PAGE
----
The first part of Colour and Light deals with different kinds of light sources and lighting conditions.  It covers a wide range of lighting conditions from sunny days, to indoor candlelight, moonlight and luminescence. For each type of lighting, Gurney gives illustrated examples, and tips about how to visualize and represent this kind of light in a painting.

Imaginative Realism : How to draw what doesn’t exist by James Gurney

The second section of the book deals with colour choices in painting.  The topics include choosing pigments, gamut mapping, effects of colour on the mood of a scene, contrasts, etc. The final section of this book deals with special lighting effects – dappled sunlight through leaves, reflections, shiny surfaces etc.  Again, the whole thing is thoroughly illustrated with great examples.

The second book of Gurney’s, Imaginative Realism: How to draw what doesn’t exist is equally good.  It is less relevant to me personally because I mostly draw what is directly in front of me.  It is a great reference for any fantasy artist or paleoartist looking to bring realism to their work with useful advice on finding and altering references, building models, lighting conditions, blending reality with inventions, etc.  It is also useful for botanical and other realist artists as a reference for how to work with imperfect references (painting subjects out of season, building compositions, etc)






For the avid sketcher:  Stillman & Birn Beta Multimedia Sketchbook

Stillman & Birn : Beta Papers : 270 gsm Natural White Cold Pressed

Watercolour is a great medium for sketching with, because it is so compact and portable.  However, most sketchbooks contain lighter weigh paper which will warp and buckle when painted on.

If you know someone who sketches regularly and recently started watercolour, consider gifting them a sketchbook in their preferred size from Stillman and Birn

The Beta series has a lightly textured surface between a standard cold press and hot press watercolour paper.  It is a beautiful, heavyweight paper which takes watercolour well, yet is smooth enough to draw pen/pencil details on and write on easily as well.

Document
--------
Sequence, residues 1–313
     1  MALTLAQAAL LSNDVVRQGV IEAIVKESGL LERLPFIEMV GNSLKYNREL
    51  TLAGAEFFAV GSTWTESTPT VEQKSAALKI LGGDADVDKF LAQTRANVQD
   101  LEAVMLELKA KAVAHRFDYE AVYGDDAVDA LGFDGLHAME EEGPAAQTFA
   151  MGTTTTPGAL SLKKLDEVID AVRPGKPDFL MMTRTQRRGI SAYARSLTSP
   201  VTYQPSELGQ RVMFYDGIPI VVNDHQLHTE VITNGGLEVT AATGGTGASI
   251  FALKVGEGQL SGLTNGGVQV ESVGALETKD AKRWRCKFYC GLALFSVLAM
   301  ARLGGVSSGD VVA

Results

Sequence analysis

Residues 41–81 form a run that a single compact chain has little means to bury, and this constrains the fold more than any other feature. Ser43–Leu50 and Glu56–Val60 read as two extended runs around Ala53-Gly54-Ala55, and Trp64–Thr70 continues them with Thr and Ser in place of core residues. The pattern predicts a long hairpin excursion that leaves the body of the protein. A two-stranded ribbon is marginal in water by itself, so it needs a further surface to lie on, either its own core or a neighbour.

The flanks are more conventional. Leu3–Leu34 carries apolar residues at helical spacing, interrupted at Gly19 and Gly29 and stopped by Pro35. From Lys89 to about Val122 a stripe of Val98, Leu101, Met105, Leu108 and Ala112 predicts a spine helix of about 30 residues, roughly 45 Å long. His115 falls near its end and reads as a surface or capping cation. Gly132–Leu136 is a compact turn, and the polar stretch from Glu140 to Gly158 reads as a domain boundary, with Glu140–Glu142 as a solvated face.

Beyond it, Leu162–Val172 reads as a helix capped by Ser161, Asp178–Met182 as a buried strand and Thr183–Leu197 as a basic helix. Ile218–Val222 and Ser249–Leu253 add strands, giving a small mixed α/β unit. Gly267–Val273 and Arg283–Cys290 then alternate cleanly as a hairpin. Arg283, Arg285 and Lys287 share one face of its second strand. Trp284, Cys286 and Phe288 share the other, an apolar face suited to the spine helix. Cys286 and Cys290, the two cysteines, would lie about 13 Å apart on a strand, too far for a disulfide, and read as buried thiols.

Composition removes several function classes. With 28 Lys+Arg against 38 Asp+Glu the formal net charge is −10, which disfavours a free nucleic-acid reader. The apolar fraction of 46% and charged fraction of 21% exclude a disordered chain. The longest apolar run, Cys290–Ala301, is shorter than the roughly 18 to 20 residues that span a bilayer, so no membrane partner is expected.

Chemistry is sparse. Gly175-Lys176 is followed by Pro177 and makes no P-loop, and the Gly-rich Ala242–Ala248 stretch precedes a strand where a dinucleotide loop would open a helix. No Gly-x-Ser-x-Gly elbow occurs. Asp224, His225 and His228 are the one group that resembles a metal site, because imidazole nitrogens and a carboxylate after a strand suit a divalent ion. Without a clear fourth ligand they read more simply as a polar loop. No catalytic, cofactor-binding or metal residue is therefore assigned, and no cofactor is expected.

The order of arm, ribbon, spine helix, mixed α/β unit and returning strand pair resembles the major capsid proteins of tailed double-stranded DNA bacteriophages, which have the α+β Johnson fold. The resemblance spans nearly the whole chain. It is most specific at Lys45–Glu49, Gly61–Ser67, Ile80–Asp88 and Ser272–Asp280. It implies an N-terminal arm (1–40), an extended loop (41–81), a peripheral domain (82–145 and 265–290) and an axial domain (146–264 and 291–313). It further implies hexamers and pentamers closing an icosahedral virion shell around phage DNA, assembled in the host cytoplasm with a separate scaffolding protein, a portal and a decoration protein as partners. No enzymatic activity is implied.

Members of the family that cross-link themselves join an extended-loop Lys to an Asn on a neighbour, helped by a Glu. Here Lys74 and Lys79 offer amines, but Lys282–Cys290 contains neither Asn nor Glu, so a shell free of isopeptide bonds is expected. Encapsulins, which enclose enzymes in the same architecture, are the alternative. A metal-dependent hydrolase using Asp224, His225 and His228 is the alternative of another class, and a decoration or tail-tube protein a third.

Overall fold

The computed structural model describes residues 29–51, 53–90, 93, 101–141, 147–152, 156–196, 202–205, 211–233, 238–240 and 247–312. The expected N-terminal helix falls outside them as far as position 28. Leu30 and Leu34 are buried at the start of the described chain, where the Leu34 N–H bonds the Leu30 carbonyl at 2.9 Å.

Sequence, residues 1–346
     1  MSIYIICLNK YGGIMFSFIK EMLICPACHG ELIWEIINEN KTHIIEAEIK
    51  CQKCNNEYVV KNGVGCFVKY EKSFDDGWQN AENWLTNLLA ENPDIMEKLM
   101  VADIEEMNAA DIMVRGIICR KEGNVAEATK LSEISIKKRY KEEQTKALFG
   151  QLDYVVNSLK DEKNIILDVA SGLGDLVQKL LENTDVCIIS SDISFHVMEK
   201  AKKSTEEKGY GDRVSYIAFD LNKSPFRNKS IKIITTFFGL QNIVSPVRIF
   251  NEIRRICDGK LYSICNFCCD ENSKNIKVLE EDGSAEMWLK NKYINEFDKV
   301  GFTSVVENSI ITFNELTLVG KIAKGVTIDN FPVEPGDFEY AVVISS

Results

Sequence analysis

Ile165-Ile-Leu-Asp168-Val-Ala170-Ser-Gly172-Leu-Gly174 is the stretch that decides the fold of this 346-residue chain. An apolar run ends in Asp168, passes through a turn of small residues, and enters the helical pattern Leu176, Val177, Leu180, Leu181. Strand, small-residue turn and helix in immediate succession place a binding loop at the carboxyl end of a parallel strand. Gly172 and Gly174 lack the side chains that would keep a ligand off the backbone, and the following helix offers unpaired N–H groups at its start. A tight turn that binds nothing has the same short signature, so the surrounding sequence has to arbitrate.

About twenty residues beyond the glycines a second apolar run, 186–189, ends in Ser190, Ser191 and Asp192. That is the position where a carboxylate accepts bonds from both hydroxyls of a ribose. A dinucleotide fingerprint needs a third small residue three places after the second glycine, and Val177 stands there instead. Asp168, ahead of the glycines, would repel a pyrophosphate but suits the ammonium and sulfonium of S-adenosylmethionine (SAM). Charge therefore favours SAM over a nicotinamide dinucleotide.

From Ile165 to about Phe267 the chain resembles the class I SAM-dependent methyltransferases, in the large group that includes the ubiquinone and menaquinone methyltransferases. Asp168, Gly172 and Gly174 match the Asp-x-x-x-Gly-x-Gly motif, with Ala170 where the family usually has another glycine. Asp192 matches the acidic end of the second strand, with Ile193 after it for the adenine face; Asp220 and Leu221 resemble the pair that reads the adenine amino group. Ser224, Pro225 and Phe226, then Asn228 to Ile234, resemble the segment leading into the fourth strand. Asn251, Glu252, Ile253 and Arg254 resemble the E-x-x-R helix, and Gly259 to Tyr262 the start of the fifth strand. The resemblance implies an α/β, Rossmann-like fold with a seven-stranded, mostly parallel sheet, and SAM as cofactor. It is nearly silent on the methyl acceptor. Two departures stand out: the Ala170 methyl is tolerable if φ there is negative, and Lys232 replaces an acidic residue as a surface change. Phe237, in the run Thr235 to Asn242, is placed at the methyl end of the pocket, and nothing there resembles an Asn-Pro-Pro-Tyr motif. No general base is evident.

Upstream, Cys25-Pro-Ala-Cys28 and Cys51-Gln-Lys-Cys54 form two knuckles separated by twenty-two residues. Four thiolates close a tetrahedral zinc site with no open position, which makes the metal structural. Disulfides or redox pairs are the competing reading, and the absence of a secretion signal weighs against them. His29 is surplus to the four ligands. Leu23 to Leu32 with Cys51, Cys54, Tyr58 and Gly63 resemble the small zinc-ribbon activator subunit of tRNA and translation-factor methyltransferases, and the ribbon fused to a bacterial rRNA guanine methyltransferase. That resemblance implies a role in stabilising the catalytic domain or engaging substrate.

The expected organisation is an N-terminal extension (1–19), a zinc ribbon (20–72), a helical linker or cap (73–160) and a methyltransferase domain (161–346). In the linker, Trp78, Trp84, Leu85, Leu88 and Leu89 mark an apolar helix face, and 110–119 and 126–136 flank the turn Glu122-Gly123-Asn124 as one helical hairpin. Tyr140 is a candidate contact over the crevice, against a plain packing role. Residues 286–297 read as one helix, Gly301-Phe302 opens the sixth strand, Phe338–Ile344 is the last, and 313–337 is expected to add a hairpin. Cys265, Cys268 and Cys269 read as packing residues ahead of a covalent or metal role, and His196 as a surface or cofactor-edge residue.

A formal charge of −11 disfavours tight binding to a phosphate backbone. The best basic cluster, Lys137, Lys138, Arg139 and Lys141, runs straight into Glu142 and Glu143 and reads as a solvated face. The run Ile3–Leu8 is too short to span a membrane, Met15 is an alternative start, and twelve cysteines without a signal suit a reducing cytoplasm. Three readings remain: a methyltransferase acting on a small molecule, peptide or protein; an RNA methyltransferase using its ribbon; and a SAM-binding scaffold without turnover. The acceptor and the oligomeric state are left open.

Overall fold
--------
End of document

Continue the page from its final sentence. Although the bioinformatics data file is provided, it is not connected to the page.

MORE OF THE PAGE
For the minimalist artist on the go:  Schmincke Horadam 8-colour set Price £69.00 (~$90 USD, 115 CAD incl. VAT)

Schmincke : Horadam Watercolour Paint : Metal Set : 8 Half Pans

This 8-colour mini travel-palette can actually fit up to 12 regular half-pans, and it comes with a built in water flask and clip-on water cup.  It is less than a quarter the size of the 12-pan set above.

The Schmincke  palette I linked is a good option for an artist who is just starting out with plein air or urban sketching in watercolour.  It is most appropriate for hobbyists who don’t yet have an artist quality travel set.

If your giftee is an artist who has been sketching outdoors for a while, they may already have paints they prefer to use. However, most urban sketchers would still appreciate the small form factor of this box.


In this case, it may make more sense to buy a cheaper empty version of this palette.  The same palette is available as an empty tin with and without the built in water flask at Cornellisen’s

I own the version without the flask.  I use it as one of my travel palettes.  I love how compact this palette is, and how all kinds of different brands of half-pans (which are all subtly different sizes) are held neatly and securely by the simple fastening system.








For the professional artist who hunches over their work:  Tabletop Painting Surface Price: $44 USD

This tabletop painting surface may not be the cutest or most glamourous gift.  However, it can make the biggest difference in an artist’s life.